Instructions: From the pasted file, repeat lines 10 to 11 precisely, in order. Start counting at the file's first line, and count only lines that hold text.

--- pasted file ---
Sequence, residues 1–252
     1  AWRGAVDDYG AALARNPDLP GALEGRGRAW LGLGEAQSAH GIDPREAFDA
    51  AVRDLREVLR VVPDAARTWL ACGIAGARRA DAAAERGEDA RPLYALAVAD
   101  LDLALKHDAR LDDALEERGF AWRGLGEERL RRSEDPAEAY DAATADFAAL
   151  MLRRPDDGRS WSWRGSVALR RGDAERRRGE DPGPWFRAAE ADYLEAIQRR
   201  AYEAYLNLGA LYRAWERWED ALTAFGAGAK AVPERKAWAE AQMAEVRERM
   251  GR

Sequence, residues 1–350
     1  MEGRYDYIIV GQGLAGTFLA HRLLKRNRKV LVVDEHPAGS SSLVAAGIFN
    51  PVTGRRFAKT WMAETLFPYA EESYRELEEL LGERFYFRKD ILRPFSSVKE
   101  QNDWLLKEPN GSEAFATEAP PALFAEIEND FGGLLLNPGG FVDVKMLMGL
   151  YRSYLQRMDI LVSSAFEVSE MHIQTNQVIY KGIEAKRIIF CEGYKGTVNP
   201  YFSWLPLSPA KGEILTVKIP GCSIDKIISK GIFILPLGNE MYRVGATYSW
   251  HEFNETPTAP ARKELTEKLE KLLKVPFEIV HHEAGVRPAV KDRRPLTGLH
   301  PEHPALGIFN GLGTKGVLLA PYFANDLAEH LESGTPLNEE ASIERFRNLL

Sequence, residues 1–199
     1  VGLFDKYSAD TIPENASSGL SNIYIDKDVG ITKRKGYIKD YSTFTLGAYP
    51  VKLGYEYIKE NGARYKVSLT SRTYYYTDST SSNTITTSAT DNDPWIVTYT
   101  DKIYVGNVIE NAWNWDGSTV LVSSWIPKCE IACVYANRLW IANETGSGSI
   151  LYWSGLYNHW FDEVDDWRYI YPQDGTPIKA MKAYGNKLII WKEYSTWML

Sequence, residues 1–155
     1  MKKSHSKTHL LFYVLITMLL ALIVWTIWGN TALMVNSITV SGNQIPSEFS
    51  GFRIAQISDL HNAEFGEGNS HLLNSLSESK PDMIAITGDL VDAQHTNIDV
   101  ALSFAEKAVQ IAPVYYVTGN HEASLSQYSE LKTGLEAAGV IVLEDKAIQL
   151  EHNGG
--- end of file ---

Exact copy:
    51  PVTGRRFAKT WMAETLFPYA EESYRELEEL LGERFYFRKD ILRPFSSVKE
   101  QNDWLLKEPN GSEAFATEAP PALFAEIEND FGGLLLNPGG FVDVKMLMGL